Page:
You want long-term success? Diversify. That’s usually financial advice, but the corporate world understands it applies in a much broader scope.
I remember my first mandated corporate diversity class — we learned all the reasons it made good business sense to be diverse and learned about the law as it related to discrimination and the workplace. We had it pounded into our head that not only was it the law, it was a Good Thing.
Years later, I work in one of the most diverse offices I can imagine.
Over half my immediate co-workers (all US-based) are female, and over half are not from the US originally. Those that are come from a variety of different backgrounds. This diversity isn’t limited to developers, but carries into managerial positions as well. And, we aren’t just a US shop! Reporting into our organization are employees in Ireland and India in addition to the US.
It can be very challenging to handle this level of diversity. You try planning a team-building event for a team like this. Just finding a menu everyone can agree on is tricky enough! Socially, people tend to cluster, which can make for cliques in the workplace based around ethnic background. It can be difficult to get people to communicate outside their comfort zones. Managers have to be able and willing to communicate in many different styles, knowing their words are interpreted differently depending on the background of the person hearing them. Team members have to be patient in their communications as well, as often two people discuss an idea in a language (English) which is native to neither of them.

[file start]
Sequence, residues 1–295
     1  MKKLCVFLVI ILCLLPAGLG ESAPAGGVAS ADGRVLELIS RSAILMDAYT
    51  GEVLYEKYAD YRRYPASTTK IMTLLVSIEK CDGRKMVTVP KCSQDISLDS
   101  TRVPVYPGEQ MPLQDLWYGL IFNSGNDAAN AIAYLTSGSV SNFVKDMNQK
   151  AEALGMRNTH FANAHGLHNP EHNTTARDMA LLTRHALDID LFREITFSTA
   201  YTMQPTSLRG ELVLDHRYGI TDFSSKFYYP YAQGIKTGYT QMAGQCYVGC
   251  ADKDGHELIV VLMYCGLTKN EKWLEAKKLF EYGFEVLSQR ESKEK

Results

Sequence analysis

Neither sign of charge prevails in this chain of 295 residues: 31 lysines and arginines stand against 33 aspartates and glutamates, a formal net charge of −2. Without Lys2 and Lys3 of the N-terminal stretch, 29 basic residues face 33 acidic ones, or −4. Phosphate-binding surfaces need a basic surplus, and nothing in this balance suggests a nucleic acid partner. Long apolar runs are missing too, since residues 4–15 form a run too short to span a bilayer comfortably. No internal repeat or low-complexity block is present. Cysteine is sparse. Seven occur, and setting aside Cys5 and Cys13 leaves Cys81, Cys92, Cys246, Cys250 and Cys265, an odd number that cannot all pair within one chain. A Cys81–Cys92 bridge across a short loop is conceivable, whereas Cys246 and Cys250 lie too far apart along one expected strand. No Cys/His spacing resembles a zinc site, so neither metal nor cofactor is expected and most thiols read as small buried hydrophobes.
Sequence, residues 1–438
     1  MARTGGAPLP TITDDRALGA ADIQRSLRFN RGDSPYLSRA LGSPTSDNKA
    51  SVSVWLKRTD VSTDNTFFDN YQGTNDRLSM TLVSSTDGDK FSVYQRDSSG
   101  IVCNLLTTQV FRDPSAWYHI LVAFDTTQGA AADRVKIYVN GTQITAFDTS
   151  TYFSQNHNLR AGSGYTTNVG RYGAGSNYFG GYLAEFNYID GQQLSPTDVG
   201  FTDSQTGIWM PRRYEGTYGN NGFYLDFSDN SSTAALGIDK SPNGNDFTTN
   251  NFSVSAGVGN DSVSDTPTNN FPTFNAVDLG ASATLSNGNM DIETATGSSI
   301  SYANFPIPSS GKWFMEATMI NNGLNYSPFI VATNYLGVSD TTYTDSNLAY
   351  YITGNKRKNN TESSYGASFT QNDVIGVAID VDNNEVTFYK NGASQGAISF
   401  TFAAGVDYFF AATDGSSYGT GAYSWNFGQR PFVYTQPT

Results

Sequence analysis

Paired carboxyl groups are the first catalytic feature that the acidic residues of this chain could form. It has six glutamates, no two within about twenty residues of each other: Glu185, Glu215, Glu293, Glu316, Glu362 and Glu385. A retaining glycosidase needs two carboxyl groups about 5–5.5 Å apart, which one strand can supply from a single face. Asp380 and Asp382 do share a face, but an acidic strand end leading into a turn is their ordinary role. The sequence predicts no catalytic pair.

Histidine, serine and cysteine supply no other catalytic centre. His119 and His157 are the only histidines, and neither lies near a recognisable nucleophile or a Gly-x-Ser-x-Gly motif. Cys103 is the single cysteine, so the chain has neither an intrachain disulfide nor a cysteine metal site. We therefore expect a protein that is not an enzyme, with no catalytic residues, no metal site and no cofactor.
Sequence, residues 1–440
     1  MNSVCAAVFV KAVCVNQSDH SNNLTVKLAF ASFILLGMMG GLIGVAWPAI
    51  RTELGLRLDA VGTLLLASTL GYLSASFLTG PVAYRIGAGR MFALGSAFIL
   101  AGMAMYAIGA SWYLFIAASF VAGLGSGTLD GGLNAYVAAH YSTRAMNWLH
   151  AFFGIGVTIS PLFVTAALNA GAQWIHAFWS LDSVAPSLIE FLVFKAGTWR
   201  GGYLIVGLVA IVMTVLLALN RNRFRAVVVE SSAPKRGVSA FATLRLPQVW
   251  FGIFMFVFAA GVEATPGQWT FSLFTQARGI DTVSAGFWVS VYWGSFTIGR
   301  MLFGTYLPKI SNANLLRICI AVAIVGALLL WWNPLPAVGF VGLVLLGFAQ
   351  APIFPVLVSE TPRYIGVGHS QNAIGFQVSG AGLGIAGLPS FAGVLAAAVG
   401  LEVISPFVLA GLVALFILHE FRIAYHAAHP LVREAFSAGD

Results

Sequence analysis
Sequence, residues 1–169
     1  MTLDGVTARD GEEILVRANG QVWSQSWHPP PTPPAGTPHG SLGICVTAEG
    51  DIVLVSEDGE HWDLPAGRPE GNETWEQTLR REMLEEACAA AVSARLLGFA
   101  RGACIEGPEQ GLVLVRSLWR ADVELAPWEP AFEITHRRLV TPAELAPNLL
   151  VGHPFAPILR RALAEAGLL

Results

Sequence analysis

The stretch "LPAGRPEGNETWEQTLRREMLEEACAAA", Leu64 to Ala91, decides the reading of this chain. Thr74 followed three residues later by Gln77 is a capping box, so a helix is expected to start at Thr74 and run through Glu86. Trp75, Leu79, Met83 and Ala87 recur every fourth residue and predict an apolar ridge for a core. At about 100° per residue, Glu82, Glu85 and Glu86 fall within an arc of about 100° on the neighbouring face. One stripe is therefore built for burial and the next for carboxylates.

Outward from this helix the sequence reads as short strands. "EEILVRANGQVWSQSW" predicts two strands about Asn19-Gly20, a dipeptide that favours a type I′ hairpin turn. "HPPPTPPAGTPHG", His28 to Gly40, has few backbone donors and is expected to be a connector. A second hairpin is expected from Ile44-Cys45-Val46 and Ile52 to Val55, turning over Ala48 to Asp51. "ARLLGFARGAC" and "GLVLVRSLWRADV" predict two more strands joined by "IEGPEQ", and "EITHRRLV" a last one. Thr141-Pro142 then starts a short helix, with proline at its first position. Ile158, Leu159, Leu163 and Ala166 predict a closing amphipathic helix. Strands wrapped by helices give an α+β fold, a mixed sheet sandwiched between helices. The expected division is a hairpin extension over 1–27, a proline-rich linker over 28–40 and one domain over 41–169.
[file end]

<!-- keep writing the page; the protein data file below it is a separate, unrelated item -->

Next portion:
The payoff is of course incredible. I sometimes take it for granted, but I shouldn’t. I know that every problem is going to be approached from several different angles. I know that we have near 24-hour coverage due to our global presence. I know that even a trivial conversation is a chance to open my eyes to something amazing that I didn’t know about another culture. I’ve had more kinds of tea than I ever thought possible (and I barely even like tea!), eaten pastries from India garnished with silver foil, had the rules of Cricket explained to me (a couple times), watched with amusement as a co-worker from China peeled grapes at lunch, laughed as Russian and Irish co-workers argued over whiskey versus vodka, eaten food at restaurants I’d have never thought to visit, and more. The world comes to visit me at work, and I appreciate it every day.
It is with this background that I approach the stories you see periodically about lack of diversity at EMC, and it frustrates and angers me.
So, a few weeks back, I made a point of beginning to talk and read more about diversity, inclusion, and marginalization with my co-workers at EMC. The results gave me a lot of food for thought, and that (of course) means blog posts.
So stay tuned for a series of posts relating to the diverse workplace of 2008 at EMC. I promise in advance not to spout the corporate lines.